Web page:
Alley Cat Allies:

Where They All Can Go

Pet food and meds are costly, but the initial expense of an altering procedure can be a wallet shock, especially in these financially uncertain times. But if you can afford food and meds and the only obstacle to neutering your best friend is cost, there’s really no excuse. Get a voucher  from Friends of Long Beach Animals, Pet Assistance Foundation or Actors and Others for Animals and take your cat or dog to one of the low-cost spay/neuter clinics. There’s a great one with an office in Long Beach and another in Garden Grove: the Golden State Humane Society (GSHS).

GSHS specializes in spaying and neutering of dogs and cats and offers routine and minor medical procedures and nonmedical services such as vaccinations and nail trimming. The clinic began as the California branch of the Humane Society of the United States (HSUS) in a small converted house in Garden Grove. When HSUS closed its local offices 37 years ago, GSHS became an independent nonprofit clinic run by an executive board, with its co-founder and manager Robert Fisher as president and original co-founder Terry Fitzpatrick as board member. Today, Fitzpatrick is the facility’s CEO. William D. Caswell replaced Fisher 20 years ago when he died of a heart attack.

“The humane community lost a great advocate,” Caswell said.

The clinic moved from the small house into another Garden Grove location and opened the Long Beach office through a financial settlement allotted for the opening of another facility. Today, the Garden Grove facility employs two full-time veterinarians and the Long Beach office has one full-time veterinarian and two others who work part time. The organization publishes a newsletter, which they issue to its membership of 1,000, but they don’t purchase advertising; instead, they get their clients through referrals by customers and other veterinarians, hits on their Web site, vouchers from spay-neuter advocate groups, and word of mouth. They also have a booth every spring at the America’s Family Pet Expo Orange County where they do minor medical treatments and talk about their facility. And the clients do come.

“I get here in the morning, and there are lines,” said Marcus Caswell, William Caswell’s son and operations manager of GSUS.

The clinic’s mission—spaying and neutering as many cats and dogs as possible by offering a low-cost option—may be thought of as the last word and step of the talk and walk of the stewards in this series. Office visits cost $15, and altering procedures run about $40 for dogs and around $30 for cats, far less than the hundreds of dollars that regular vets charge. The procedures include anesthetic, sutures and doctor time. All animals must be current on their vaccines, or they can have them done at the clinic, again at a much lower cost. Feral cats are accepted as well, but the clinic limits them to two a day because of the enormous number of ferals that populate the many colonies and the determination of T-N-R volunteers to limit their breeding. Still, Marcus Caswell said, if there are any cancellations, they will take one more.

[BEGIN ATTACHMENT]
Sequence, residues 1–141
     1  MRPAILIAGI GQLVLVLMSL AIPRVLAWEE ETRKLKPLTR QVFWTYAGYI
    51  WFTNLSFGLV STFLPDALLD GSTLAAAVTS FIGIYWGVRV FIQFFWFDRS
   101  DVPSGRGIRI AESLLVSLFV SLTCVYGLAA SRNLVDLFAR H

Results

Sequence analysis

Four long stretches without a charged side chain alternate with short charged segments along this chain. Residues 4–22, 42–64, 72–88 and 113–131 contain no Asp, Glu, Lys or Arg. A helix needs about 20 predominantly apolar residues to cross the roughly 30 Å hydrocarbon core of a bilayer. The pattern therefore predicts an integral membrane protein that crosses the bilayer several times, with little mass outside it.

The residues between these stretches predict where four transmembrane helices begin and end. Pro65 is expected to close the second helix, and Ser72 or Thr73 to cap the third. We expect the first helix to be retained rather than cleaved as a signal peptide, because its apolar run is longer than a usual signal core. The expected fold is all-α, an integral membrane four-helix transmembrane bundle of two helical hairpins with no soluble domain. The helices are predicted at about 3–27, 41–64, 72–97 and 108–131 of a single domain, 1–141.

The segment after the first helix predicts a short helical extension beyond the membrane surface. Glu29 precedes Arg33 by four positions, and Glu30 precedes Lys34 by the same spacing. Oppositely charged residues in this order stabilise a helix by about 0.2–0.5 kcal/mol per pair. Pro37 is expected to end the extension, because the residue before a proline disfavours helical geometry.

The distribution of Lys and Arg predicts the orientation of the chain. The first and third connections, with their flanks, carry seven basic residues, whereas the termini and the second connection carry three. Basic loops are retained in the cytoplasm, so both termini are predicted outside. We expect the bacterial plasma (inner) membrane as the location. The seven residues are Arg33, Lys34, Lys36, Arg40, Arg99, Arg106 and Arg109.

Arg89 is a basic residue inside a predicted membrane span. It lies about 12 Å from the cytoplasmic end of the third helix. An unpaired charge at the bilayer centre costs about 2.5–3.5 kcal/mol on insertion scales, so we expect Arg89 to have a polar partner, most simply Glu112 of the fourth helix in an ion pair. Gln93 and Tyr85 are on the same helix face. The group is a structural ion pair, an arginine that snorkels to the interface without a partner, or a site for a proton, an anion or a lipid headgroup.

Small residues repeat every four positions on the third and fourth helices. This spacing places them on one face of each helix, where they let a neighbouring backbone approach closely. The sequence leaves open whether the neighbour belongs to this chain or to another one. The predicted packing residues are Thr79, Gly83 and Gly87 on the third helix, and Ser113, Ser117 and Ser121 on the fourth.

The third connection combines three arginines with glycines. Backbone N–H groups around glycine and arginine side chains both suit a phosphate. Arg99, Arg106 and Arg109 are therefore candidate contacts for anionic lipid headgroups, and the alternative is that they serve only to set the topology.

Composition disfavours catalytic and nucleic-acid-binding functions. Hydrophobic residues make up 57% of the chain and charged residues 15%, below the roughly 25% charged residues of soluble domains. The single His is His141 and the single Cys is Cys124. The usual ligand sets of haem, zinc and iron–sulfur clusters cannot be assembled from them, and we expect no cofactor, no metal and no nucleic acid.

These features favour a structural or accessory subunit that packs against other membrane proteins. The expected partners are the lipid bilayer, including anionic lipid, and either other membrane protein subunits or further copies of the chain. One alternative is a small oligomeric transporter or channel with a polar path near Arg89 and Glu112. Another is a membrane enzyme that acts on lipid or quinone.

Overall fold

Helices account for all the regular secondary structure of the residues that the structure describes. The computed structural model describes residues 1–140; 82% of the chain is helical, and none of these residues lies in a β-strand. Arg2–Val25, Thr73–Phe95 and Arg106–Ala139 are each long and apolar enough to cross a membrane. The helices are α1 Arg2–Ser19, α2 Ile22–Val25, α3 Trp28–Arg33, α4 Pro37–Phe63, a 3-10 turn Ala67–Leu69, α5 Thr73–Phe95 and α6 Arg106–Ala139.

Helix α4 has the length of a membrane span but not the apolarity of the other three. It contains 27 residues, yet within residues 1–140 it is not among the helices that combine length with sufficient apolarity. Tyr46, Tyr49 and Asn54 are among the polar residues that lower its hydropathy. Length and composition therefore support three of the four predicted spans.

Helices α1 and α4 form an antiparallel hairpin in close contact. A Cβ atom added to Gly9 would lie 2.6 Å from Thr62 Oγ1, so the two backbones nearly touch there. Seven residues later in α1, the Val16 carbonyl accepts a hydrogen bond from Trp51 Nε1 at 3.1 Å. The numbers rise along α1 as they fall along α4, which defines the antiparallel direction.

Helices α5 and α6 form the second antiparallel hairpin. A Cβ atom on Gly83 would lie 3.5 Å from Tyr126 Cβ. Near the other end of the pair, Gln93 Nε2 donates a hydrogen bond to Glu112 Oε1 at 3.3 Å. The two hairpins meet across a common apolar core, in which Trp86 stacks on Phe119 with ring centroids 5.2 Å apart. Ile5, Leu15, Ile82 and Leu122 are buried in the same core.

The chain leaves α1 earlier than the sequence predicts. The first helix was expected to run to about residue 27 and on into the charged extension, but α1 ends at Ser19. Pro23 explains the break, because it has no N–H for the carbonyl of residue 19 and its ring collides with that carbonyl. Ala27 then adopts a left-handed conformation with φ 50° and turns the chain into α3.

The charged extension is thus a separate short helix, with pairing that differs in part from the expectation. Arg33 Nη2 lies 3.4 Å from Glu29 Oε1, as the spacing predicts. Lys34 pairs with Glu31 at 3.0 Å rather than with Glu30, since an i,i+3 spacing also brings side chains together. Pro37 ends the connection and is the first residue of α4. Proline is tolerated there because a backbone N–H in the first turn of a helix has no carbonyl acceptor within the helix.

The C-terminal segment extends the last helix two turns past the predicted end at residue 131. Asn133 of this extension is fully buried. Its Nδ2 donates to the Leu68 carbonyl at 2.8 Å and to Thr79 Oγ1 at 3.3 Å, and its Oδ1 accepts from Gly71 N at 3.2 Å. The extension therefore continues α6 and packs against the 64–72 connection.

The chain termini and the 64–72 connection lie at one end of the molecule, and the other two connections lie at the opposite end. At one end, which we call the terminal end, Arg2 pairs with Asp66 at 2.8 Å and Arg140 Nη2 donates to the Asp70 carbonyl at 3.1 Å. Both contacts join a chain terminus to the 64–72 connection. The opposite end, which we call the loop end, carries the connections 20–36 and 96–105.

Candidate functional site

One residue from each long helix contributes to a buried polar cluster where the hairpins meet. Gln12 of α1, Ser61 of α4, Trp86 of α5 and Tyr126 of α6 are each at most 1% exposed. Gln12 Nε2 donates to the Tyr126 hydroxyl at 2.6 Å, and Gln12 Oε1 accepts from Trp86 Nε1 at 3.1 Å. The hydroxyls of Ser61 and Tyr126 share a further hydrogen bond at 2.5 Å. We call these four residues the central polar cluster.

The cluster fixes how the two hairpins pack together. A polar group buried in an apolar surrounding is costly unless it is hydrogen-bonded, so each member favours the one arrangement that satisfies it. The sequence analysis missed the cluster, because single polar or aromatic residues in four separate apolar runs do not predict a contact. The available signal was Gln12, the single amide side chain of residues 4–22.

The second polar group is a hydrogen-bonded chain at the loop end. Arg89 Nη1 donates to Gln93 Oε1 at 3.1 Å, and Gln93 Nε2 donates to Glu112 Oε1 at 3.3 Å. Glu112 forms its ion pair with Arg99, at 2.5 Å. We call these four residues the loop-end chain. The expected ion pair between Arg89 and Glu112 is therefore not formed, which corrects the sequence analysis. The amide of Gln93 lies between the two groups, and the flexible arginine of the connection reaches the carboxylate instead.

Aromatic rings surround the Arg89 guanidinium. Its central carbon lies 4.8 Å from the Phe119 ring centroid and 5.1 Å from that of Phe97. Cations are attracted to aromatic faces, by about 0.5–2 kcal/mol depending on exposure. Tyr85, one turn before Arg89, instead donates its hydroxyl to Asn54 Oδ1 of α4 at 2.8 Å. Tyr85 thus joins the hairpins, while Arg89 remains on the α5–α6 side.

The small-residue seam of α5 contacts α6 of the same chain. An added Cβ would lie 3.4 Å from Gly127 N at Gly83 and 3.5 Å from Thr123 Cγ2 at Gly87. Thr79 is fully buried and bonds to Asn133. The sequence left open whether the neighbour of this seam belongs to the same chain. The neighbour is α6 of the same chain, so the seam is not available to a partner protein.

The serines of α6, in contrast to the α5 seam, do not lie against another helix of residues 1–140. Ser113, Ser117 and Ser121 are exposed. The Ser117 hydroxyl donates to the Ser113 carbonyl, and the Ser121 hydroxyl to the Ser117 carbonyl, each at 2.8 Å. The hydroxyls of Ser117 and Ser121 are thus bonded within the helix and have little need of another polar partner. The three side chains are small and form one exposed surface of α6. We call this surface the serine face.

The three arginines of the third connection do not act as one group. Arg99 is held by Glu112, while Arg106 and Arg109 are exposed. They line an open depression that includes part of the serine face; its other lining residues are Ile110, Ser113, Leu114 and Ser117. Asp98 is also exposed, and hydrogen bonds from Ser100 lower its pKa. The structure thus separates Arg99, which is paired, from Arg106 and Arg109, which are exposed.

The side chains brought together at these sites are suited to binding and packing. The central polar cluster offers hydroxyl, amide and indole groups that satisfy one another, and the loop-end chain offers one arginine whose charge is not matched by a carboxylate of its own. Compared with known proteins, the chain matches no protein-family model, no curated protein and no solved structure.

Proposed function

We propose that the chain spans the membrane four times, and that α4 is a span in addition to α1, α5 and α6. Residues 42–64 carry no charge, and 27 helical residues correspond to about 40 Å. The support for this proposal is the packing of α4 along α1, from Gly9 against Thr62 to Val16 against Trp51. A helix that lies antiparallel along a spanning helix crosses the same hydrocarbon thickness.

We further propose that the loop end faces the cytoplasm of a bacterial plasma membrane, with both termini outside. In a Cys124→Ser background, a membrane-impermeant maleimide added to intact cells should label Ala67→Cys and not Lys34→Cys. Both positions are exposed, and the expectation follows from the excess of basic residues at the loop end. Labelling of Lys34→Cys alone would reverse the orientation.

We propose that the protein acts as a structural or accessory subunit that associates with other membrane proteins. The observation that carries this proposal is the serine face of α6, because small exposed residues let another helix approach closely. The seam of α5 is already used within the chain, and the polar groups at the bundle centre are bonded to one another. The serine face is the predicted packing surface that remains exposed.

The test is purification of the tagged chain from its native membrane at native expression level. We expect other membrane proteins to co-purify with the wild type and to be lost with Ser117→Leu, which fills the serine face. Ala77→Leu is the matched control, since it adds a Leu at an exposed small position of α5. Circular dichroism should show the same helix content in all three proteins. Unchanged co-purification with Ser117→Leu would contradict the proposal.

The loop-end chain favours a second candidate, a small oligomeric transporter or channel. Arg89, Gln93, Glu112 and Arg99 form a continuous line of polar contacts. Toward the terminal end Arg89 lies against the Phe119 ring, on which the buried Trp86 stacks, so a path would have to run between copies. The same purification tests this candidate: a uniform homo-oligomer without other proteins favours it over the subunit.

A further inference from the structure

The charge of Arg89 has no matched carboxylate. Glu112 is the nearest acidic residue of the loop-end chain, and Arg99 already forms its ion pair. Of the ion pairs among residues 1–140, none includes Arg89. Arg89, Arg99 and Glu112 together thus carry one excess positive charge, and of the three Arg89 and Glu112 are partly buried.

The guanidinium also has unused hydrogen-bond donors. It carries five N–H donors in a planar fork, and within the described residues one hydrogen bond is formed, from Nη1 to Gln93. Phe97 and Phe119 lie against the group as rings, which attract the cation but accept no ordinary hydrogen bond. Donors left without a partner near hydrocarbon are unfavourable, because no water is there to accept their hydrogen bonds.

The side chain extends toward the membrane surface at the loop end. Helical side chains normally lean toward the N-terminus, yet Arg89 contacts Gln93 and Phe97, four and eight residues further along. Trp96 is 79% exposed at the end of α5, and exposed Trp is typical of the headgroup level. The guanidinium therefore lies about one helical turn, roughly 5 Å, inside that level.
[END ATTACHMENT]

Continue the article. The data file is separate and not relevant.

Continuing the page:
“We don’t like to turn people away,” Marcus said. “We could charge a lot more, too, and still have our objective, but a lot more animals would suffer if we did. It’s an absolute blessing to help people out—I’d rather see an animal get what it needs than make a few extra dollars.”

The idea that so many people who have modest incomes or are in financial difficulty see the importance in being responsible for their pets gives Bill Caswell hope that they are making a dent in pet overpopulation. But even with the clinics’ impressive combined total of procedures last year—13,964 spays and neuters— he and his son still know the reality of the overcrowded shelters and the former best friends dumped in the streets or parks. They both strongly supported AB 1634, the bill that mandated spay/neuter for most California pets, and were disappointed in its failure in the Senate.

“Eventually, we must have a general requirement for spay/neuter,” Bill Caswell said. We agree, at least until people know better. We hope this section helped in that respect.

Golden State Humane Society
555 E. Artesia Blvd.
Long Beach, CA 90805-1406
(562) 423-8406

11901 Gilbert St.
Garden Grove, CA 92841-2702
(714) 638-8111

Actors and Others for Animals
Spay California
America’s Family Pet Expo Orange County

“We recognized a few years ago that we can’t adopt our way out of the overpopulation problem.”
                           – Fran Ackley, author